jump to example.com

Spring is creeping up on us with steady signs of the new growing season to come, which means it’s time to get the lawn prepped for being green. There are two real methods for this: You can call a lawn care company and shell out for the spring prep – which I highly recommend – or you can do it the old-fashioned way. Most gardeners will debate on this subject for hours, but if you’re doing your own work, here are some chores to consider.

Your lawn’s been without care for a while, so it needs a good scalping to remove the top layers of dead growth and leafy debris from the winter months. Mow and mulch that bad boy pretty tight. This action gets it ready for the new planting.

Next, seed the living tar out of your yard with your grass of choice — it’s the best way to be assured of good growth. Most commercially available systems pack seed, nutrients, and weed control into one bag, so it’s even easier. Just follow the directions on the bag.

The next step: Make sure your lawn gets the water it needs. If you have a sprinkler system, make sure it’s plugged in, set up, and turned on. Also check your local city laws about when and how often to water. If you don’t have an automatic system, be prepared to lug the hose around to any area you want not to die.

This basic stuff won’t take you too long, so you can get back to your game of choice on the weekends — but it’ll turn your place from dead brown to the green grassy paradise you remember the neighbor had last year.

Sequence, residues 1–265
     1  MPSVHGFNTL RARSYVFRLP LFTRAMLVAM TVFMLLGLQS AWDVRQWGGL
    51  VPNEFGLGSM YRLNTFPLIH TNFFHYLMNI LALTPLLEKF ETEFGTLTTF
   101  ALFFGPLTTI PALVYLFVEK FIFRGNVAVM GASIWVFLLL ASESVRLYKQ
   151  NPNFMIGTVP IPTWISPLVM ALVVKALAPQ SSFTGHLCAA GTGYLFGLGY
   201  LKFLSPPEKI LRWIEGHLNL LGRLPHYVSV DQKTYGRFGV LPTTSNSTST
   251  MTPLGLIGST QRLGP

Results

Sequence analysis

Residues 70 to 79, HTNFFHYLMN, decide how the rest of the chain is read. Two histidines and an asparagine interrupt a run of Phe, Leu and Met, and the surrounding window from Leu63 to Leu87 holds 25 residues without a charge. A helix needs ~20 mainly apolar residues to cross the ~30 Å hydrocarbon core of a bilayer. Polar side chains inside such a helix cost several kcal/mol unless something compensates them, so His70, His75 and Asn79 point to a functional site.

11 Responses to Spring Is Coming: It’s Lawncare Time Again

  1. [Looking outside at the foot of snow in my back yard] What’s this Spring thing you talk of?

  2. John Eisenhower says:

    I’m not so sure this is good advice. I’ve always been told to plant seed in the fall when the roots have a good 8 months to establish before the summer drought returns the next year.

    I fertilize in Spring with something with a lot of N and some weed preventatives. In the summer I do something organic, or horse manure. Fall is when I do my lawn patching.

  3. Kyle says:

    Here is a question for you folks:

    I was doing a bunch of DIY remodeling last year in the fall, and kept pushing back “the final mow” until it was too late…… I’ve got the matted down mess you probably have seen before. What is the best way to deal with this? I currently have a cruddy no-bag mulcher push mower, and I’m thinking 5 years out of a $120 mower is good enough. I’m thinking of getting something with a bag and removing a lot of the overgrown grass from the lawn, as opposed to mulching it all up (which I think would just cause me to have a bunch of dead grass on top of stuff trying to grow)